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kids natural sleep aid - why sleep is so important

Why Sleep Is So Important For Raising Healthy Kids

Are your kids getting the sleep they need? A lack of sleep is detrimental to our health, focus, and mental wellbeing. Figuring out the best healthy sleep solutions is so important for your kids – and for your own sanity! So today, we want to discuss some reasons why sleep is so key and how a kids’ natural sleep aid or two can really turn things around.

The Importance of Sleep for Kids

Good sleep hygiene and a proper bedtime are imperative for the health and development of your child. Sleep has been the focus of many pediatric studies, all revealing that poor sleep hygiene can lead to dangerous consequences.

When our children are run down and tired, they become more vulnerable to becoming sick, in addition to other complications.

And studies show that 25-50% of children have problems going to sleep.

But why is a lack of sleep such a bad thing?

1. Decreased Immunity

Sleep is extremely important to maintaining good health and strong immunity. During the school year, children are constantly exposed to new germs.

But while we sleep, our bodies recharge and become stronger. Your child’s body literally works to fight off these germs while sleeping!

The American Academy of Sleep Medicine, backed by the American Academy of Pediatrics, recommends a certain number of hours of sleep each night for different age groups.

  • Infants 4 months to 12 months should sleep 12 to 16 hours per 24 hours (including naps)
  • Ages 1 to 2 years should sleep 11 to 14 hours per 24 hours (including naps)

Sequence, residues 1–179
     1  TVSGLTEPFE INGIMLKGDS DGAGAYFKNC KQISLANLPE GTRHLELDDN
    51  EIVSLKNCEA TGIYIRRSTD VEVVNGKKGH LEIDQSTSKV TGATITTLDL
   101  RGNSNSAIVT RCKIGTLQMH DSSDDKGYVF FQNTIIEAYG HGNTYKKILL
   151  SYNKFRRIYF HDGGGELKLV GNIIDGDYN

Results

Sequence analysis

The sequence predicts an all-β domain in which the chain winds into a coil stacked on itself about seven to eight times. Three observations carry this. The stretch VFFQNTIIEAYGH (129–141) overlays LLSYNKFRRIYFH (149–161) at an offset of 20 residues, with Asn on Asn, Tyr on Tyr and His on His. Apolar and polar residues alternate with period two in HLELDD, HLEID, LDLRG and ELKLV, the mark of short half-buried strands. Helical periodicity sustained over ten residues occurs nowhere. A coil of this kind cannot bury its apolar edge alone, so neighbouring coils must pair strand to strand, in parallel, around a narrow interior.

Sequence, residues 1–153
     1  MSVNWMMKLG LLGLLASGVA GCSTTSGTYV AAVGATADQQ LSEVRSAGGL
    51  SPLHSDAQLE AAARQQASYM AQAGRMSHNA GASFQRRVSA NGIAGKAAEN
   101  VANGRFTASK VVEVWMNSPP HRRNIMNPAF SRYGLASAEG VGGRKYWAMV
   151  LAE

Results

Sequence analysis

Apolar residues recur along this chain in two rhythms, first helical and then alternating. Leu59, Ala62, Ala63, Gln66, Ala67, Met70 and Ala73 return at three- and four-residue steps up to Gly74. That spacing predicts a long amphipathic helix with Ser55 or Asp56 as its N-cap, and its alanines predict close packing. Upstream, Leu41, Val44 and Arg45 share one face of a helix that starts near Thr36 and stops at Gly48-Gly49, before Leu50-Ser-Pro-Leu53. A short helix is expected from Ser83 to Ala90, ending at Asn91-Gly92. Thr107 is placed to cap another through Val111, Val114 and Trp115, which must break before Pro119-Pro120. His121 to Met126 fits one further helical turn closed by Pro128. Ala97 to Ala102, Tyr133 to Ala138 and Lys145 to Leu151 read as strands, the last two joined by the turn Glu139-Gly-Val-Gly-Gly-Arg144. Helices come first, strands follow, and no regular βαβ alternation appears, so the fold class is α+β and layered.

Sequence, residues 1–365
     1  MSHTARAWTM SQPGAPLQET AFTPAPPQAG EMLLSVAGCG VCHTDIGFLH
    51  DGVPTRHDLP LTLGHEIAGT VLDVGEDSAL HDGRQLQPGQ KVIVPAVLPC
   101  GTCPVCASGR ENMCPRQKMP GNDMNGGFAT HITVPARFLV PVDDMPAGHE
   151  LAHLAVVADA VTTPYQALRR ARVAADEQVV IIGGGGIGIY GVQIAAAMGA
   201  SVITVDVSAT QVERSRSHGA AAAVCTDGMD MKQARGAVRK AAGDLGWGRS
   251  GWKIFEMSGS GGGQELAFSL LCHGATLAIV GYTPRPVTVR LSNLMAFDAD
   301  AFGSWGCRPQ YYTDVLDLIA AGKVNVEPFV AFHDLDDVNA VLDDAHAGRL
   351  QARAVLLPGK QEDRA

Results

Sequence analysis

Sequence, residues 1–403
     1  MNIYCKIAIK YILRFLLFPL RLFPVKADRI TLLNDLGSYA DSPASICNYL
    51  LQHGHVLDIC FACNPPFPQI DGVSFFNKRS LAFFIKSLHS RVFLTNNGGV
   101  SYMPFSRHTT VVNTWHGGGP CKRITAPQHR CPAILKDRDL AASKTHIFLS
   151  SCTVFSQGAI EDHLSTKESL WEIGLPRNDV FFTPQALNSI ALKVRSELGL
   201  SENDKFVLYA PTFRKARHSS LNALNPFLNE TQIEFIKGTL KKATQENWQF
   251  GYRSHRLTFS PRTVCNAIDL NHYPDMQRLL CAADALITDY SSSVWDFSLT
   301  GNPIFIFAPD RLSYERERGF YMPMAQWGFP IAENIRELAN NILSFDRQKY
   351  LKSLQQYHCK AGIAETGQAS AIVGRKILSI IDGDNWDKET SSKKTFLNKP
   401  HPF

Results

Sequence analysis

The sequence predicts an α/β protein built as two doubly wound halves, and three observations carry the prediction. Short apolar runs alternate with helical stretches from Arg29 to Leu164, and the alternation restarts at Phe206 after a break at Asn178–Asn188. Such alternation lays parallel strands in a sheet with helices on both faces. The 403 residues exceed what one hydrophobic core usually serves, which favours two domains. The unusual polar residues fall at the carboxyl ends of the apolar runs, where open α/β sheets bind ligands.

• Children 3 to 5 years of age should sleep 10 to 13 hours per 24 hours (including naps)
  • 6- to 12-year-olds should sleep 9 to 12 hours per 24 hours
  • Teenagers 13 to 18 years of age should sleep 8 to 10 hours per 24 hours

2. Decreased Performance in School

A study published in Pediatrics found that children with irregular bedtimes had more behavioral difficulties. According to Dr. Wendy Sue Swanson, not only does poor sleep lead to worse behavior, a child with behavior challenges may have a difficult time sleeping.

In addition to the cycle of behavioral challenges and lack of sleep, insufficient sleep in children can also lead to weight issues, hypertension, diabetes, depression and decreased performance at school.

The bottom line is that consistent sleep routines lead to positive outcomes such as improved attention, better behavior, improved emotional regulation, and overall good health.

3. Decreased Ability to Cope with Stress

Lack of sleep does not only affect a child’s mood but also affects their concentration and their ability to cope with stress. Sleep deprivation can lead to your child being overly emotional, experiencing frequent temper tantrums, and showing difficulty controlling impulses.

Getting a full night of healthy sleep is vital to staving off those afternoon meltdowns {we mean the ones from the kiddos, but stress-free kids go hand in hand with stress-free parents}.

Tips to Help Your Child Fall Asleep Easier

Children thrive on structure and schedules. Never underestimate the importance of cues and a consistent routine.

If your child suffers from sleep difficulties, here are some important tips that may help:

1. Bedtime Routine for Kids

Establishing healthy sleep solutions in a solid bedtime routine is imperative to creating good sleep hygiene. It is important that your child starts to wind down and allow their mind to get ready for sleep. Having the same routine every night prepares your child for bedtime.

Many parents don’t realize that a late bedtime can actually result in difficulty falling asleep and resistance to the bedtime routine. For most children, an appropriate bedtime is between 7:30pm and 8pm.

I recommend starting your transition about a week prior to the first day of school. Each night, adjust your child’s sleep routine by about 15 minutes. Remember to keep the bedtime routine exactly the same as you normally would as the nighttime cues will help your child feel comforted and safe. These bedtime routines also help your child know it’s time for bed, even if sun’s still out!